According to the government, a kilogramme of a coarse variety of rice has soared to 48 taka per kg, setting a new record in the country’s economy. This threatens the food security of nearly 20 million families. Why has the price of rice increased so much? The reasons have been identified as faults in planning and management, lack of farsightedness, politics with food and so on. Analysing information from three agencies, it has been observed that rice prices have consistently been rising for the last one year. According to the Trading Corporation of Bangladesh (TCB), in the past month, the price of rice has increased by 11 per cent and prices have doubled in the past one year.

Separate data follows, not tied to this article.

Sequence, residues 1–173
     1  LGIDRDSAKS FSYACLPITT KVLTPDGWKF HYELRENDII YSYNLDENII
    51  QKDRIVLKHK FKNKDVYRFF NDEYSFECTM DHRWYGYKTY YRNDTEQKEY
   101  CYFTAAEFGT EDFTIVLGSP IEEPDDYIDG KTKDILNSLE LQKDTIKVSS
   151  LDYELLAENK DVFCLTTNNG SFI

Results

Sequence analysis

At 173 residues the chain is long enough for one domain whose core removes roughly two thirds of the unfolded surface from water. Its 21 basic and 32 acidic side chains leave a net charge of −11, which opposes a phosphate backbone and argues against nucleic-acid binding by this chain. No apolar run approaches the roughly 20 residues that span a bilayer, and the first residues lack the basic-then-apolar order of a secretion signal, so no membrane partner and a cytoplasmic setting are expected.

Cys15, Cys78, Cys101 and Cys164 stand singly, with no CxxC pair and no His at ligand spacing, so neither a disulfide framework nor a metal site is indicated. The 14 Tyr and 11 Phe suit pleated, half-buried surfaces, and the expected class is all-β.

Reality has been blocked out by political promises of providing the public with rice at just 10 taka per kg and by projecting the country as self-sufficient in food. Rice was imported when there was no need for imports. The price of rice had fallen so low and has impacted the farmers so badly, that they were hesitant to grow rice the next season. The floods in the marshy haor districts this year have also been responsible for the steep rice prices. The hard fact is that there is only 231 thousand tonnes of rice in government reserve. This is the lowest food reserve of the country in 10 years. Experts contend that the reserves must be at least 600 tonnes. The government is unable to procure food grain because no farmers will want to sell rice to the government at the fixed rate of 34 taka per kg, when the market rate is 48 taka. Asked about the rise in rice prices, food minister Quamrul Islam did not make any specific comment on it. “I’ve just come from Vietnam after signing an agreement for rice procurement. I am unable to comment on the price of rice in Bangladesh.”